Stovetop Granola with Dried Cherries, Pepitas and Flaxseed
Posted Aug 25 2008 2:51pm
My posts will be more sporadic in the coming days; little Nick’s flu turned out to be viral pneumonia. He checked into the hospital yesterday. It’s been a crazy few days; he is already doing MUCH better, but send a little prayer our way.
I’m back home for a few hours to rest up, but sleep isn’t coming. So here I am at the computer. When I can’t rest, I feel much better by doing something (anything), so allow me to indulge myself; it will help me distract my thoughts for an hour or two.
Time in the hospital leaves plenty of opportunity to think, not to mention watch TV—there seems to be a television posted in every corner of the place. I watched Oprah while Nick slept yesterday afternoon and caught one of her regular guests, Dr. Oz (he’s written all of those best sellers with titles such as "YOU: The Owner's Manual", "YOU: The Smart Patient", "YOU: On a Diet", etc.; I'm holding out for "Hey: YOU!" and "YOU: Looking at Me???!!!")
The doc was all over the place with his latest book, "YOU: Staying Youthful", and was chock-full of advice for adding years to your life, including regular yoga, antioxidant foods, fish oil, and sex; I felt myself die a little as the list grew longer and longer.
But one food factoid that caught my attention, and which I thought would be worth writing about, pertained to flaxseed (which, like oily fish, is rich in Omega-3 fatty acids): you need to grind it up to reap all of its benefits. The news caught Oprah by surprise; she mentioned she had always eaten the seeds whole.
I only happened to know about the need to grind flaxseed because I buy flaxseed meal, not the whole seeds, and they mention that very fact on the packaging. Dr. Oz advised grinding the seeds yourself in a coffee mill, but don’t bother (unless you savor sounds reminscent of time in the dentist's chair); flaxseed meal (also called milled or ground flaxseed) is commonly available and saves you that step. It's made by Hodgson Mill , Bob's Red Mill , and others.
I’ll talk more about flaxseed in future (can there be a limit to flax chat?). For now, let me recommend an easy way to get some flax in homemade fashion, without even turning the oven on: my no-bake granola. It’s quick, it’s easy, and it’s very delicious, perfect for breakfast, snacking, adding to lunchboxes, sprinkling over frozen desserts, or leaving a trail through the forest.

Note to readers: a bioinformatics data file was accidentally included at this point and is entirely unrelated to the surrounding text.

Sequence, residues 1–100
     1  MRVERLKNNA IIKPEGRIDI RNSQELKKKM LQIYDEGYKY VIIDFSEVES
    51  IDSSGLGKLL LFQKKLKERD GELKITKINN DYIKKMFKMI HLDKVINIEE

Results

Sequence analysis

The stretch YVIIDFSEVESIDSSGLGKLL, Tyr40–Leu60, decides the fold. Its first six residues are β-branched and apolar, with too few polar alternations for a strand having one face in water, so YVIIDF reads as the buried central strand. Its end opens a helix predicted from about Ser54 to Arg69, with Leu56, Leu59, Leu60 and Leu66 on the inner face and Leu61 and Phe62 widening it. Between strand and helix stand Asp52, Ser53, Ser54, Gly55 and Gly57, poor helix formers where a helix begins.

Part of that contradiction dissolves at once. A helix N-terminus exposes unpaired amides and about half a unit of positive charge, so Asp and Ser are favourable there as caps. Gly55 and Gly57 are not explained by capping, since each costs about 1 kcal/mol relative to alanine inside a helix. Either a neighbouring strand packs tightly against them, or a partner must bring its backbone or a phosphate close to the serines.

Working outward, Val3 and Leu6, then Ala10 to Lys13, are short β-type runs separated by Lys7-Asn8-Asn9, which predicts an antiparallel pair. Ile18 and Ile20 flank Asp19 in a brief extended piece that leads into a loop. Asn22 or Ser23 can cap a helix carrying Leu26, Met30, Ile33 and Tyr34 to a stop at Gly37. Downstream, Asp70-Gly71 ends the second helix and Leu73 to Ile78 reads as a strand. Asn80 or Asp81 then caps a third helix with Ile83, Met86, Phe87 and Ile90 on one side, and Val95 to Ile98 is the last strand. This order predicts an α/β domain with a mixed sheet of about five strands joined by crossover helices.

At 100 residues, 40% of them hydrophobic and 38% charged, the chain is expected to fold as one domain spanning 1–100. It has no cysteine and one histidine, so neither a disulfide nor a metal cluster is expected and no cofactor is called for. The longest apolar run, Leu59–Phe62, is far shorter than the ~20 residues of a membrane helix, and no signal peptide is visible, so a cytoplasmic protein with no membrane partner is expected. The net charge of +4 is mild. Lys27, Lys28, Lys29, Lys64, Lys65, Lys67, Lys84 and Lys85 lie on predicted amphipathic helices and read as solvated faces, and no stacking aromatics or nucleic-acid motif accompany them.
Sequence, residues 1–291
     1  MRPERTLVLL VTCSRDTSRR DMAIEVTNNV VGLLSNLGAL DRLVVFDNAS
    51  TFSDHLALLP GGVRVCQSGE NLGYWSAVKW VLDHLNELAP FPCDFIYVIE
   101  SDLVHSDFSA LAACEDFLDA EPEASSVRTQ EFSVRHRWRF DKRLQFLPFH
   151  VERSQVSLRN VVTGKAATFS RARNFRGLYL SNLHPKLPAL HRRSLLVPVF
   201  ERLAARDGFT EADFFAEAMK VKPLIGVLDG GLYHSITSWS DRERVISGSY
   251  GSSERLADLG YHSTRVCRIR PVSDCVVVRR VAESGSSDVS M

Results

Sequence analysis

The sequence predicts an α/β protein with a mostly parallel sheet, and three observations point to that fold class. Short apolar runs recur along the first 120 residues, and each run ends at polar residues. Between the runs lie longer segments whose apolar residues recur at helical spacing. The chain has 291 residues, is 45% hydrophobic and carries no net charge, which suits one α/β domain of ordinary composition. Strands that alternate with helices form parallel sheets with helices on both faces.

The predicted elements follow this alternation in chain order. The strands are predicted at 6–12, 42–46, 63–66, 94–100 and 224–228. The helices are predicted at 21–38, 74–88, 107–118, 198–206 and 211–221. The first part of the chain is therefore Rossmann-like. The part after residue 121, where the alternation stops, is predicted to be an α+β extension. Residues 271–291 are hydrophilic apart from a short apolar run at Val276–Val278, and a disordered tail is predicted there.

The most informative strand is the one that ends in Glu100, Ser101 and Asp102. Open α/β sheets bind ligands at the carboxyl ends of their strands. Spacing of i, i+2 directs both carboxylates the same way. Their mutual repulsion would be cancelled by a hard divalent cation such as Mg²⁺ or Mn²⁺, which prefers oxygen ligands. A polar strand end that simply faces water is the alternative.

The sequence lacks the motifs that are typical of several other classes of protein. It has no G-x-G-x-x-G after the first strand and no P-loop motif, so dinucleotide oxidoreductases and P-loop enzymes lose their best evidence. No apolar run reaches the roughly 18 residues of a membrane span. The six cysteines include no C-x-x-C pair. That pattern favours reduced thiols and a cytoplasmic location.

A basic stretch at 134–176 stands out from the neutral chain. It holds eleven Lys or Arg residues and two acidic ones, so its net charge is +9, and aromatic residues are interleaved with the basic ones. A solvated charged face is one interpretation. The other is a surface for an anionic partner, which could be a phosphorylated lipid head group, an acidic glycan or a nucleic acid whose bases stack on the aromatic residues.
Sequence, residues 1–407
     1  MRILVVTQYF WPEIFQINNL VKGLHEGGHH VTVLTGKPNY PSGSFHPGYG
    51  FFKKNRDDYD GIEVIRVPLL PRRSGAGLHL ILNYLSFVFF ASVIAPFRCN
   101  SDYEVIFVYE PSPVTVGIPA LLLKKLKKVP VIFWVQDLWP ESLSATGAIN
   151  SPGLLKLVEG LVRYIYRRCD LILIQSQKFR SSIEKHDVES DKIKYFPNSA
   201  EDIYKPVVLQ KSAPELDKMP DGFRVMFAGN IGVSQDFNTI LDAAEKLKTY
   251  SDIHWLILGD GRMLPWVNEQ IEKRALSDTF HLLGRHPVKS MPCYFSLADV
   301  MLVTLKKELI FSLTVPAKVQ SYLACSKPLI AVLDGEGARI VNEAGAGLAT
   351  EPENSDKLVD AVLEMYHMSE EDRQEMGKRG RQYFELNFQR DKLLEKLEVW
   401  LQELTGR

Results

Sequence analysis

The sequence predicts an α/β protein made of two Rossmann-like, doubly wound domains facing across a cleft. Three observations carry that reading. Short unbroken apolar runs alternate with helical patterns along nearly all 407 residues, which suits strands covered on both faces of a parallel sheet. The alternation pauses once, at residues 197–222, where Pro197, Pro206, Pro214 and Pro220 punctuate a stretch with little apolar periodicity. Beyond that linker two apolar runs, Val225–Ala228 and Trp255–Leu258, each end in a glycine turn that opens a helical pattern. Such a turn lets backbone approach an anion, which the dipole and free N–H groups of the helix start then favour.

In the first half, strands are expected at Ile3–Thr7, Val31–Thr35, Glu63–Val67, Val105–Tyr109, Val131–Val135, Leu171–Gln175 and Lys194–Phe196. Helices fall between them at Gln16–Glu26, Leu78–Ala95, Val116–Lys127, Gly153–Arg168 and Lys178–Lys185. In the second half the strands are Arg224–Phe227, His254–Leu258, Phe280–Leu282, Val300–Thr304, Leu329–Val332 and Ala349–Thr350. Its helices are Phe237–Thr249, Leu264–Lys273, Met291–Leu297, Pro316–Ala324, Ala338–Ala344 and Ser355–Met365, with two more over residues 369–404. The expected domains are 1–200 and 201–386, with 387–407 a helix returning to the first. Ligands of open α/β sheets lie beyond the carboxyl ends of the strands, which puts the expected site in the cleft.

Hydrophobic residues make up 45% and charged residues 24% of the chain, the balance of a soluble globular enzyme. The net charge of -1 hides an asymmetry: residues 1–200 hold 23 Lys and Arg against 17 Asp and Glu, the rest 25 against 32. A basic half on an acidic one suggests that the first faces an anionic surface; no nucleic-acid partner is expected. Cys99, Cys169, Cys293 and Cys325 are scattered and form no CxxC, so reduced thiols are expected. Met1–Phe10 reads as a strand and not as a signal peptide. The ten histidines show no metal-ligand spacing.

The recipe evolved from a regular granola recipe. I was trying some different additions (at the time it was flaxseed and dried blueberries) and had finished cooking it on the stovetop (most granolas start on the stove to melt the sugar). I spread it out on the cookie sheet to send into the oven, then got side-tracked by one thing or another. To make a long story short, the granola never made it into the oven, but by the time I got back to it, it was dried out, pleasantly crunchy, and surprisingly toasty just from the time in the pan.
I decided not to mess with a good thing (especially one that requires a mere 10 minute prep and cook time) and dubbed my creation stovetop granola. You can use it as a template for other flavor combinations (as I do; simply vary the fruits, nuts and spices); it’s hard to go wrong, whichever flavor direction you choose.
We had some left in the pantry from the last batch. I’m muffin-ed out for the time being, so I mixed some plain yogurt with honey and spooned it over the remaining granola. Yum. So glad I managed to resist the red jell-o cubes (now with thick skin!), lucky charms cereal, and beef broth—sent for me as well as for Nick—that arrived at our room this morning.
My mother used to make homemade granola and store it in what was once an extra-large glass apple juice bottle. I do the same with juice bottles (the plastic ones); they keep the granola fresh for a good long time.
I’ll be back soon once the Nickster is better!
Stovetop Almond Granola with Dried Cherries, Pepitas and Flaxseed
After plugging this as a stovetop granola, I realize it sounds like cheating to suggest an oven option, but I’ll offer it anyway. While I love the granola exactly as it is (it crisps up as it cools), you can dry it out further (to make it crunchier) by sending the baking sheet into the oven on low heat (200 degrees) for about one hour.
Pepitas can be found in the health food section of the grocery store, with the bulk foods, or with the nuts. They are inexpensive and add a good boost of protein.
You will want to use a large skillet to make the granola (even though it will fit in a medium one) to get the greater surface area; the hot bottom of the pan helps toast the nuts and oats.
2/3 cup packed light brown sugar
1/3 cup unsweetened apple juice
2 cups old-fashioned oats (i.e., not quick oats)
1/2 cup chopped almonds
1/4 cup flaxseed meal
2/3 cup nutlike cereal nuggets (such as Grape-Nuts)
2/3 cup tart dried cherries (or cranberries, or other dried fruit of choice)
1/2 cup roasted, salted pepitas (green pumpkin seeds)
1/2 teaspoon ground cinnamon
1/4 teaspoon almond extract
1/8 teaspoon salt
Combine the sugar and cider in a large nonstick skillet. Bring to a boil over medium-high heat; cook 2-3 minutes longer (or until sugar dissolves), stirring frequently. Stir in all of the remaining ingredients. Cook 5 minutes longer or until granola is lightly browned, stirring frequently. Transfer to a large cookie sheet sprayed with nonstick cooking spray and cool completely. Break into pieces and store in an airtight container 1-2 weeks. Makes 5 cups (serving size: 1/2 cup)
Nutrition per Serving (1/2 cup of granola):
Calories 263; Fat 8.4g (poly 3.4g, mono 3.1g, sat 1g); Protein 6.7g; Cholesterol 0mg; Carbohydrate 42.6g; Sodium 149mg)
(Note: I did the nutrition analysis using Diet Analysis Plus 7.0.1 )